Saturday, October 28, 2017
Sing with me if you know this: “It’s a beautiful day in the neighborhood, a beautiful day for a neighbor. Would you be mine? Could you be mine?” My apologies, that song will now be stuck in your head all day. If you’re like me, you’ll rmember that Fred Rogers welcomed so many of us to his neighborhood every day with that song. As a child, I watched Mr. Rogers Neighborhood nearly every day and still have such fond memories. Over the years not much changed with the show; it was the same house, the same trolley to take you to the world of make believe, and the same puppets like King Friday. And, in every single episode Mr. Rogers always asked the same, simple question: “Won’t you be my neighbor?”
Our Gospel today is also asking us to reflect on who is our neighbor. Today’s passage follows last week’s in which the Sadducees tried to trap Jesus with their question about paying taxes to Ceasar. This week, its’ the Pharisees trying to trap Jesus, this time with a question about the greatest commandment. The textbook answer, of course, is the love of God. But, Jesus does not stop there. He goes on to give a more practical answer, one that doesn’t merely satisfy their question, but challenges His listeners. Just like last week, Jesus gives the other side of the coin, which, in this case is the love of neighbor.
Jesus makes the point that anyone who truly loves God must also love their neighbor; and that these are virtually one in the same thing. You cannot truly love God unless that love is made visible in our love of our neighbor. Jesus said: “You shall love the Lord, your God, with all your heart, with all your soul, and with all your mind…You shall love your neighbor as yourself.” Or as we hear more succinctly in the First Letter of John, “God is love, and whoever remains in love, remains in God, and God in them.”
Jesus is challenging the Pharisees one-dimensional understanding of love that somehow allowed them to express devotion to God, while ignoring the problems of the real people around them every day. For Jesus, true love has three essential components: the love of God; the love of neighbor; and the love of oneself. The commandment to love your neighbor as yourself presumes that you first love yourself as a beautiful person created in the image and likeness of God. That you see your dignity and beauty as a unique part of what God has created – as unique and beautiful as the oceans, the stars and the sky, the mountains or any other part of the created universe. God took just as much time to create each one of us; to create you. We are all God’s masterpieces.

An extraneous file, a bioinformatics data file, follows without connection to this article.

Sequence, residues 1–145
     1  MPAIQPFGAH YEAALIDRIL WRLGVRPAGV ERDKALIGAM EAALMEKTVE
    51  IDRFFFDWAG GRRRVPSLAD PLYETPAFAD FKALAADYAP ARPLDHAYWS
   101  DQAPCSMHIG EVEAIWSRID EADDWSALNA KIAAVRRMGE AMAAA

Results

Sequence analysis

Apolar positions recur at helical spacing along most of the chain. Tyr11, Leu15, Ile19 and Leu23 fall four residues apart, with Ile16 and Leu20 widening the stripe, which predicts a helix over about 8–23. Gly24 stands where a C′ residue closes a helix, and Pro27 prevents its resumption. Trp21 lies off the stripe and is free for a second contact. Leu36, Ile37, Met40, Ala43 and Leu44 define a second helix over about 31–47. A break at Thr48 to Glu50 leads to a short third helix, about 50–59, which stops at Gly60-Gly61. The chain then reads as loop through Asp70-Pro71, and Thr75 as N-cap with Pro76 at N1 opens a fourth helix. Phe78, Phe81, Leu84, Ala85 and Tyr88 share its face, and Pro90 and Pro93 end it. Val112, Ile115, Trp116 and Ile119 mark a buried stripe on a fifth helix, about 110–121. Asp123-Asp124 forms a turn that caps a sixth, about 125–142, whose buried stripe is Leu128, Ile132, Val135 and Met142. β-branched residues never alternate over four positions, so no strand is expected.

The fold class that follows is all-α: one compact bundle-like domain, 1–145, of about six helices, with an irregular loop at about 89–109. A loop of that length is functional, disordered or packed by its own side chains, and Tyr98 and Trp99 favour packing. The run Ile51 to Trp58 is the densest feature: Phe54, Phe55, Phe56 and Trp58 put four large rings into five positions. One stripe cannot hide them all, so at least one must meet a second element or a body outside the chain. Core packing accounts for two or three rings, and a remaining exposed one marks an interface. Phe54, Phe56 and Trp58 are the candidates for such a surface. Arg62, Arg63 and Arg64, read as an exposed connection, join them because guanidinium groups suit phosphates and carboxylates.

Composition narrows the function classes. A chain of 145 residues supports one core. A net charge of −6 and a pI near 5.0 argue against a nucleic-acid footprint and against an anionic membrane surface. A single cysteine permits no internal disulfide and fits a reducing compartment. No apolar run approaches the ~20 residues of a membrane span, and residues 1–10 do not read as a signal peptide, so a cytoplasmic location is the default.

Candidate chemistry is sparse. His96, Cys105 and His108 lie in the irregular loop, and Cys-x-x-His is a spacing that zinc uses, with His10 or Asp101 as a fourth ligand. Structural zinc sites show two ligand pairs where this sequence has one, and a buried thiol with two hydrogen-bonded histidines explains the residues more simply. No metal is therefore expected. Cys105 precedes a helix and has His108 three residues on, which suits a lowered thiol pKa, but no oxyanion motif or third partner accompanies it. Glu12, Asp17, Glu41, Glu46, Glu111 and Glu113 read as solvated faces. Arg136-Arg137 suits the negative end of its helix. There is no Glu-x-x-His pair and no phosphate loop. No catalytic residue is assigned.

Pope Francis touched on this topic reflecting on today’s Gospel. He said, “In the middle of the thicket of rules and regulations, Jesus opens a gap that allows you to see two faces: the face of the Father and the face of our brothers and sisters. He doesn't deliver us two formulas or two precepts, but two faces, indeed one face, the face of God reflected in many faces of others, because in the face of each brother and sister, especially in the smallest, the most fragile and the most helpless, the same image of God is present. No longer can we separate a religious life from service to the concrete brothers and sisters we meet every day. No longer can we divide prayer, the encounter with God in the sacraments, from listening to others, from closeness to their lives, especially to their wounds.”
This concern resonates with what we see in our world today. Yes, the error of the Pharisees is still with us. We don’t have to look further than the ever growing divide between rich and poor, the continuing problem of homelessness, the unjust treatment of immigrants and refugees, the ongoing scourge of racism, prejudice, violence, and war that are so much a part of our world. These things cause us to wonder where is the love of our neighbor?
Just like the Pharisees of old, today there are too many Christians who try to separate the love of their fellow human beings from their love of God. There are too many followers of Jesus whose commitment to faith does not include commitment to issues of human rights; to economic and legal justice; to the call for peace; to equality and the ending of prejudice and persecution. Again, we hear in the First Letter of John, “Those who say, ‘I love God,’ and hate their brothers or sisters, are liars; for those who do not love a brother or sister whom they have seen, cannot love God whom they have not seen.”